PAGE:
If you liked last year’s battle over raising the debt ceiling, just get ready for the fight to come.
Last summer’s agreement, you will recall, raised the federal government’s debt limit from $15.194 trillion to $16.394 trillion in exchange for promised future reductions in spending. Until recently, the consensus has been that federal borrowing will bump up against the new limit sometime between late November of this year and early January 2013.
But buried in President Obama’s 2013 budget was the news that the national debt will hit $16.334 trillion by the end of fiscal year 2012, or September 30, 2012. This is just $60 billion below the current debt limit. Since the federal government is continuing to borrow at a rate of over $130 billion a month, we will likely reach the debt ceiling by mid‐October — before Election Day.
From a budgeting perspective, there will not be an immediate crisis. The Treasury Department could, if it chooses, employ “extraordinary measures” to enable the government to keep paying its bills until well after the elections. Despite their name, these measures are not all that “extraordinary,” involving such things as delaying contributions to the civil‐service pension fund or suspending sales of certain nonessential securities. In fact, the Treasury used such measures last year from May until the final debt agreement in August, and no one really noticed.
But as a political matter, it will be a very different matter.
Suppose that instead of using such measures to push off the day of reckoning until after the election, President Obama threatens default. Suppose he insists on a tax increase as part of any deal to raise the debt ceiling, and threatens international economic chaos and a collapsing stock market if Republicans fail to go along. Can Republicans really be trusted to fight for spending cuts instead, just weeks before the election?
And regardless of what happens before the election, another fight over the debt ceiling will be coming shortly thereafter. Every Republican candidate will have to go on record about whether or not they would raise the debt ceiling and what concessions they would demand.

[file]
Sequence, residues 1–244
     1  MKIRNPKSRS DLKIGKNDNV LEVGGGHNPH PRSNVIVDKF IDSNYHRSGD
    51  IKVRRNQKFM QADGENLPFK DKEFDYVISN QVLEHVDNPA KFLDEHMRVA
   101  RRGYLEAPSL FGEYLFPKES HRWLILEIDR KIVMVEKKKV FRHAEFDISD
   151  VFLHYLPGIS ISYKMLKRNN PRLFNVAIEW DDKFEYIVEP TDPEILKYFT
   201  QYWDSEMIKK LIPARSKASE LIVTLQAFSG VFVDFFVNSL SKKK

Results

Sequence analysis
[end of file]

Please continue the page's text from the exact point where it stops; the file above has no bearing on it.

Republicans, of course, will have a good argument to make about how the president’s spending has driven up the debt. The fact that a $1.2 trillion increase in the debt ceiling barely lasted a year could be powerful. But Republicans would have a better time making this argument if they were actually doing something to reduce spending. After all, despite all the sturm und drang about spending cuts as part of last year’s debt‐ceiling deal, federal spending not only increased from 2011 to 2012, it rose faster than inflation and population growth combined.
And Republicans continue to talk about undoing the sequester that is responsible for more than half the projected savings to come out of the 2011 deal. In particular, Republicans want to undo cuts to the defense budget, and may be willing to give up domestic‐spending cuts in exchange.
Meanwhile, what of Mitt Romney, the presumptive Republican nominee after last night’s primaries? Can anyone think of a single major spending program that Romney would eliminate? (Cutting funding to Planned Parenthood doesn’t count, especially given the way Republicans mishandled the contraceptive‐mandate debate).
President Obama’s reckless spending could be a godsend to Republicans. It was, after all, debt and spending that energized the Tea Party and led to the 2010 election wave. Not only is it an issue that unites all factions of the Republican base, it is also of importance to independents and suburbanites, including those suburban women who have been turned off by the Republican‐primary debate.
But if Republicans don’t want to be blindsided by President Obama come October, they need to start preparing for this debate now.